- Get emotional − Create slides to demonstrate emotional proof of your speaking. They should reinforce, not repeat your words. Save accuracy, facts, and charts for the handout. If you can show a slide that invokes an emotion that links to the words you are speaking, you will create an anchor for those facts to be recalled later.
- 6 Word Max − Do you want them to read or listen? If this is a presentation which you will be speaking, don’t distract them away from your core message. Remember the handout? “Never put more than 6 words on a slide. EVER. There is no presentation so complex, that this rule needs to be broken.” 
- What’s your point? Why should I care? − Those are the two questions going through your audiences head throughout your presentation. Ask yourself these questions over and over as you create your presentation. Presenters are usually so close to their material, the question of why the audience should care, seems obvious, when it may not be. 
- Tell A Story − Don’t spew out facts and reasons, tell a story. Everybody loves stories. Pick a friend, and practice your story with a 30 second time limit. If you can’t convey your central point in an “elevator pitch” test, don’t even think about starting to work on your presentation yet. Find your absolute central point first, then go from there.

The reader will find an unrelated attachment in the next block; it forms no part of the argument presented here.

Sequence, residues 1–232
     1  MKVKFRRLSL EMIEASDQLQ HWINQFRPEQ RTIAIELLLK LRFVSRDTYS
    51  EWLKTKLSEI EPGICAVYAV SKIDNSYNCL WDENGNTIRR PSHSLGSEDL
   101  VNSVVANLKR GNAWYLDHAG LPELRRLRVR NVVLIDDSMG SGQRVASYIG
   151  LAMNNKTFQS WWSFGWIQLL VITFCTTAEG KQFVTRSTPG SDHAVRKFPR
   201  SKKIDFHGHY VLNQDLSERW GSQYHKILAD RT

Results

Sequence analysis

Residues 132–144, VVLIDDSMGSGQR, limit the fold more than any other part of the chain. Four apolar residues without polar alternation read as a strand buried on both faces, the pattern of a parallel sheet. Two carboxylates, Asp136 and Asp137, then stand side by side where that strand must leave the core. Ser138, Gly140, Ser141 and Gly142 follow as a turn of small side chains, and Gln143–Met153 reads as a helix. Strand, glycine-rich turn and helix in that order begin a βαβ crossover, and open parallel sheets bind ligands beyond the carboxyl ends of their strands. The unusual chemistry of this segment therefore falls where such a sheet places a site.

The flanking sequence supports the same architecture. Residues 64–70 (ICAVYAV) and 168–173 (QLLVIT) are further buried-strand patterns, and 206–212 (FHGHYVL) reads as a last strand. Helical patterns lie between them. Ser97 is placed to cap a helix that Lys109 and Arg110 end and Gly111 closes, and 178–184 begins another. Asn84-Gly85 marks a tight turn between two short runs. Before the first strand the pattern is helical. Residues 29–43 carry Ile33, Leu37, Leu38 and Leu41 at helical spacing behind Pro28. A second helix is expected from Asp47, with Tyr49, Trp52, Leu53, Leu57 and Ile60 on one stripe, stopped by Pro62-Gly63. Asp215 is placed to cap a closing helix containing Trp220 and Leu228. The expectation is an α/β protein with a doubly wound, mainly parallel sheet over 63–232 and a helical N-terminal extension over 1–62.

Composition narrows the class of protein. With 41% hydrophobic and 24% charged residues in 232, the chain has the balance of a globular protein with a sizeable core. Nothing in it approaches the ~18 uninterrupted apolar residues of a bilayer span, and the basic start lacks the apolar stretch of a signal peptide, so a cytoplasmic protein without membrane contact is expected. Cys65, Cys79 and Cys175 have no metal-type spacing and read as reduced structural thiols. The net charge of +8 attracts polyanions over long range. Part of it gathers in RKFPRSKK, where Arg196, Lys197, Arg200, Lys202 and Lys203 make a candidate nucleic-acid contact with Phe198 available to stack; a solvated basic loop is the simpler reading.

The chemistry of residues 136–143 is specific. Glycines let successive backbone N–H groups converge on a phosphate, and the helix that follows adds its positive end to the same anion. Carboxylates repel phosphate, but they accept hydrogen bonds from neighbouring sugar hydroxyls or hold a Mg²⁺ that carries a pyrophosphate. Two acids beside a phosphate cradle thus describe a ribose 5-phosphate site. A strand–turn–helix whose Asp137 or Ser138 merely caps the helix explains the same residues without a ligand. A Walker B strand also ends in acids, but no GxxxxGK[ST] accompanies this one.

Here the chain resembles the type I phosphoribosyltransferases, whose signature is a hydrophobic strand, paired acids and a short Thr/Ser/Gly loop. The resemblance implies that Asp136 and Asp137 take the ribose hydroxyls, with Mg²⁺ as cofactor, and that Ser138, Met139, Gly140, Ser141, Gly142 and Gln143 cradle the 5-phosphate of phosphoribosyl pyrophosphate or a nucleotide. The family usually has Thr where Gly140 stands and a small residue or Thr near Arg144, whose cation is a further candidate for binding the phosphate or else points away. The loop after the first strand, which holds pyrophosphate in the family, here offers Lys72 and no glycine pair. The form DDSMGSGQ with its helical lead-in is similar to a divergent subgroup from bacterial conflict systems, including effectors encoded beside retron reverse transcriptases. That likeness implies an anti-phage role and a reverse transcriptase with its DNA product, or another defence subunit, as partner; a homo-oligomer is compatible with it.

What do you think? What are the main differences you find with presenting in person vs. online? Here at Vyew, we are learning how to be presenters of our own product, and we still have a ways to go. Got any more tips? What tricks work for you? Leave a comment.
Next: Continue to “Crafting a Clear Message”
This article was inspired by an awesome book:
Presentation Zen by Garr Reynolds. It’s highly recommended!
-  “PowerPoint could be the most powerful tool on your computer, but it’s not, it’s actually a dismal failure. Almost every PowerPoint presentation sucks rotten eggs.” (Reynolds 11) Steve Jobs once said the computer is “the bicycle for the mind.” A bicycle multiplies your own power. Reynolds argues that PowerPoint has become a “car for the mind, with prepackaged formulas that make your ideas soft.” (Reynolds 47)
-  “Slides are slides. Documents are documents. They aren’t the same thing. Attempts to merge them result in what I call the “slideument.” The creation of a slideument stems from a desire to save time…. Intentions are good, but results are bad.” (Reynolds 68)
-  Take it from Seth Godin – create slides that reinforce your words, not repeat them. (Reynolds 20)
-  “It’s hard enough for presenters to find their core message and express it in a way that is unambiguously understood. But why does it matter? This is where people really stumble. This is because the presenter is so close to his material that the question of why it should matter simply seems obvious, too obvious to make explicit.” (Reynolds 62)
-  “Can you pass the elevator test? …This exercise forces you to ‘sell’ your message in 30-45 seconds… True, you may never have to, but practicing what you would do in such a case forces you to get your message down and make your overall content tighter and clearer.” (Reynolds 64)